I've been a member of Dave's Garden for years, but haven't paid for a subscription. I did so yesterday. I'm not sure the site is as lively as i would wish, but ... we'll see?

And there, spend spend spend. Who knew antidepressants might also be anti spending pills?
elainegrey: Inspired by Grypping/gripping beast styles from Nordic cultures (Default)
Tuesday, July 31st, 2018 11:41 am

OK, starting with the good: yesterday evening my folks brought over more tomatoes and okra, and we hosted them in the back yard. More debriefing on the Florida family followed. Christine commented on how much more comfortable they seemed outside. I'm not sure why that's true, but i think they are. Even at their own home. So we had a lovely visit with them, and i served some previously dried okra and tomatoes with the drinks. There was some distraction from the hoverflies that hovered around us, and - good heavens - the damp damp weather feeds a somewhat fetid underscent. Still, i look forward to more pleasant weather and an established sward and more visits with family outside.

"Gardeners, therefore, sometimes use companion plants to attract hoverflies. Those reputed to do so include alyssum, Iberis umbellata, statice, buckwheat, chamomile, parsley, and yarrow." -- https://en.wikipedia.org/wiki/Hoverflies

Given that we were surrounded by buckwheat in bloom, the hoverflies are apparently to be expected. I hope they are ones that eat aphids.

As a side note, Mom has forgotten what a dehydrator is and how it works.

--== ∞ ==--

Annoyance yesterday: after getting a bunch of brush ready to chip, i went to start the chipper. First pull on the starter, i see some leaves - presumably attached to a branch -- slide into the hopper. Next pull is tough, and then no pulls are possible.

Lesson learned: make sure the hopper is clear at the end of chipping and before chipping.

I'll have to take the hopper off and fish around to find the branch and get it out of the way. Bother.

--== ∞ ==--

Annoyance today: somehow the signal on the wifi hotspot attached to our modem went south. Fortunately we had another hotspot. Just by chance my iPad was on that hotspot. So i was flummoxed for a long bit trying to figure out why they were different (and what was wrong with my work machine). Christine touched some things which we realize affected the antennas and now it's kind of back to normal. HOURS ON THIS.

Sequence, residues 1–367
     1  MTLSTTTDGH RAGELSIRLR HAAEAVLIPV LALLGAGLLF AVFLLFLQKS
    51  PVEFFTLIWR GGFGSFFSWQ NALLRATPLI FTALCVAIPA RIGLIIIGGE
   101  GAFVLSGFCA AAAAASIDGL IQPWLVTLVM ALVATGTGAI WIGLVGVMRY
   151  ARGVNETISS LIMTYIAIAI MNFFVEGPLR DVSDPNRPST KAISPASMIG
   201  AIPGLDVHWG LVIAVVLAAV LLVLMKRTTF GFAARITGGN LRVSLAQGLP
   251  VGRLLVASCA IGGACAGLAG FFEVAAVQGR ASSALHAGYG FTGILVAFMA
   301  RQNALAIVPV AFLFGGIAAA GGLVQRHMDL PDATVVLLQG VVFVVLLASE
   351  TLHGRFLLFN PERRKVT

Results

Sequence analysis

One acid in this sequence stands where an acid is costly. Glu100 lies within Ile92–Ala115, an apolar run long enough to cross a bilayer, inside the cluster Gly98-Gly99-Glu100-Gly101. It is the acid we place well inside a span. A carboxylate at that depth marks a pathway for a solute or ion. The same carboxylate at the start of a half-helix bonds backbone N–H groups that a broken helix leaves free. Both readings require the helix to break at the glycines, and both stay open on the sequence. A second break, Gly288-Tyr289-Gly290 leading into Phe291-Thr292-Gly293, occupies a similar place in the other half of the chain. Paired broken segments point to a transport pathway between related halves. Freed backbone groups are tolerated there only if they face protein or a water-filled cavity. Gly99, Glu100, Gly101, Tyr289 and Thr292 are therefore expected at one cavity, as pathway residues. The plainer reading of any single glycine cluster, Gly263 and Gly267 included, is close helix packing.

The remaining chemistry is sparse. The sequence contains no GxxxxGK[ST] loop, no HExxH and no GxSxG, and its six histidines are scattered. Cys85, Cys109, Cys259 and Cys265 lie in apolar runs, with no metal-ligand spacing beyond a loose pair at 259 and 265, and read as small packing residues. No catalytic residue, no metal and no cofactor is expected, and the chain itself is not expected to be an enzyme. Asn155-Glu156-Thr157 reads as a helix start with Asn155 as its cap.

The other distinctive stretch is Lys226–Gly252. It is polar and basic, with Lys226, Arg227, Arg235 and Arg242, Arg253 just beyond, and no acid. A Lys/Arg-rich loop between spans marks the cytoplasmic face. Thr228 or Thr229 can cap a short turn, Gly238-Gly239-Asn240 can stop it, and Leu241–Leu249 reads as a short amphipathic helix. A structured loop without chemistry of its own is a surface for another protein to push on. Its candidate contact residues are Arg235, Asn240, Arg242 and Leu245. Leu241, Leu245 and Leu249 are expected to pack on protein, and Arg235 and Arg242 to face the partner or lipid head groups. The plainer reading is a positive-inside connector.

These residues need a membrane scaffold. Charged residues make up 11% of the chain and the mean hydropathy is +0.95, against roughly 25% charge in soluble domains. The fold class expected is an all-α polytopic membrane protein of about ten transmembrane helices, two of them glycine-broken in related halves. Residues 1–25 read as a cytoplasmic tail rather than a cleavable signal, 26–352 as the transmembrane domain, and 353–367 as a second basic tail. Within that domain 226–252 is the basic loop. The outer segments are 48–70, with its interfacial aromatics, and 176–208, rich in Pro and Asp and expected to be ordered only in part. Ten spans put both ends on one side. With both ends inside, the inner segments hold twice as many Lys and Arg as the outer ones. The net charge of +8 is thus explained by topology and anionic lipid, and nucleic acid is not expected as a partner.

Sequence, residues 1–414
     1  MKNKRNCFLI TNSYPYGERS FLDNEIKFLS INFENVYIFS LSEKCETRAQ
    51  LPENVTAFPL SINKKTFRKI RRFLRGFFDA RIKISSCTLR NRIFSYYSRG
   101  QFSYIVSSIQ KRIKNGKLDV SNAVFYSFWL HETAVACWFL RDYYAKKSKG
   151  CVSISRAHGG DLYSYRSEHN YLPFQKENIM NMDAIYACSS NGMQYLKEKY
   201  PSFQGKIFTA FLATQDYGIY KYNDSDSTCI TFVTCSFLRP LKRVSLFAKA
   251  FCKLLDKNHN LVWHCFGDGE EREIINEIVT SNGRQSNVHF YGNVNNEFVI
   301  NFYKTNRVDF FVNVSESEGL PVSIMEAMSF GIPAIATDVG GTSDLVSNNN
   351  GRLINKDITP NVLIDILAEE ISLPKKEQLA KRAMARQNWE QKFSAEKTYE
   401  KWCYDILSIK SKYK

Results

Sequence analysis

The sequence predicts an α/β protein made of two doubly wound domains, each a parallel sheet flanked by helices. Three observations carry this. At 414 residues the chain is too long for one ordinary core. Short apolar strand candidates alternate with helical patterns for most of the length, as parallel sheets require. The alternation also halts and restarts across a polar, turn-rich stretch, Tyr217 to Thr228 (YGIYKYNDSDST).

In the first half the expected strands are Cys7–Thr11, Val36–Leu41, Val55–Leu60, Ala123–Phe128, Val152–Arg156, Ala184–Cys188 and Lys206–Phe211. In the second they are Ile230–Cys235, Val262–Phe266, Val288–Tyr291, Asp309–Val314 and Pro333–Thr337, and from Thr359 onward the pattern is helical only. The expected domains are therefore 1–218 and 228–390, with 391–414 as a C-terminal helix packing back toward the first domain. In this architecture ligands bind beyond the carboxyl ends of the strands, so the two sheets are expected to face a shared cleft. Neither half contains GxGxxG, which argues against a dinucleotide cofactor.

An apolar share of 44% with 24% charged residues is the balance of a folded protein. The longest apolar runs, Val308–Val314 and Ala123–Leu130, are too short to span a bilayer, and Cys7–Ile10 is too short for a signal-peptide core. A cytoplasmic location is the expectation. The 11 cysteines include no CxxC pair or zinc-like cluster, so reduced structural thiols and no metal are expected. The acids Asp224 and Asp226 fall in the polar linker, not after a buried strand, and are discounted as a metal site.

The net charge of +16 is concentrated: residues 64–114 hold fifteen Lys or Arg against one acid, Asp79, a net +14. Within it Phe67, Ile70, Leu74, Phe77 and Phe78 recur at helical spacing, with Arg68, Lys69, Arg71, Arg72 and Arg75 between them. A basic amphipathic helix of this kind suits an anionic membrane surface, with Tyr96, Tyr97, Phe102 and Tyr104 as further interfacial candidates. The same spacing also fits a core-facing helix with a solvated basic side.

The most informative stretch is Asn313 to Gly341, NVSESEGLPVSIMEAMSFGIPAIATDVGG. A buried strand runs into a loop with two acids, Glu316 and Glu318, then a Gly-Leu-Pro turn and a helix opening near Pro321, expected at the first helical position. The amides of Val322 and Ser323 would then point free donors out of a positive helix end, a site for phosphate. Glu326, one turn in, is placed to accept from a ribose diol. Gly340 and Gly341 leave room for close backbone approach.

--== ∞ ==--

Another annoyance: i've picked out flower seeds for the orchard -- some are selected for ecosystem services such as accumulating nutrients or attracting friendly bugs (hoverflies, say), others because they are pretty or rugged. I'd found some really good deals on bulk seed, but i began to be suspicious at how good the deals were. Feh. Turns out the company has many complaints. I decided to look for other vendors. One plant i had found at the notorious outsidepride site was the beautifully blue and low growing Gentiana acaulis. PrairieMoon.com and EverWilde.com are the vendors i've found with bulk seed quantities appropriate for ground covers. If anyone has any other recommendations, i'm happy to hear them.
elainegrey: Inspired by Grypping/gripping beast styles from Nordic cultures (Default)
Monday, July 30th, 2018 07:00 am
Saturday i took Betsy the Patriot Chipper out for a run, the first since sharpening her blades. There's a catcher bag that provides a good way to measure how much work one has done. I've used it without the bag, but the chips come out with such force a bit of ground gets polished, and it's hard to collect the chips up again.

chippings & so called weeds )

It's raining again. I wonder if i should pick the corn the first chance i have: the fore cast is so wet. But at least the monotony of the previous tend days of scattered thunderstorms have been broken up. It's now heavy thunderstorms, thunderstorms, PM thunderstorms, and more scattered thunderstorms.

Well, if i had rain barrels at this point, they have long been filled. My sister's place, that i saw last night, needed rain. Hmph.

We went over to see her, partly so she could vent to me about family stuff and spare everyone else. She went down to be with my parents at my grandfather's wife's L--'s funeral. Christine walked Carrie as i heard about how my sister was bit by my aunt J--'s dog just as she was going to bed Friday night. Sister L's got a puncture wound that has bled a good bit, but is clearly inflamed, and i'm happy to know she's seeing a doctor today. Family dramas were shared, i don't think i can make this clear )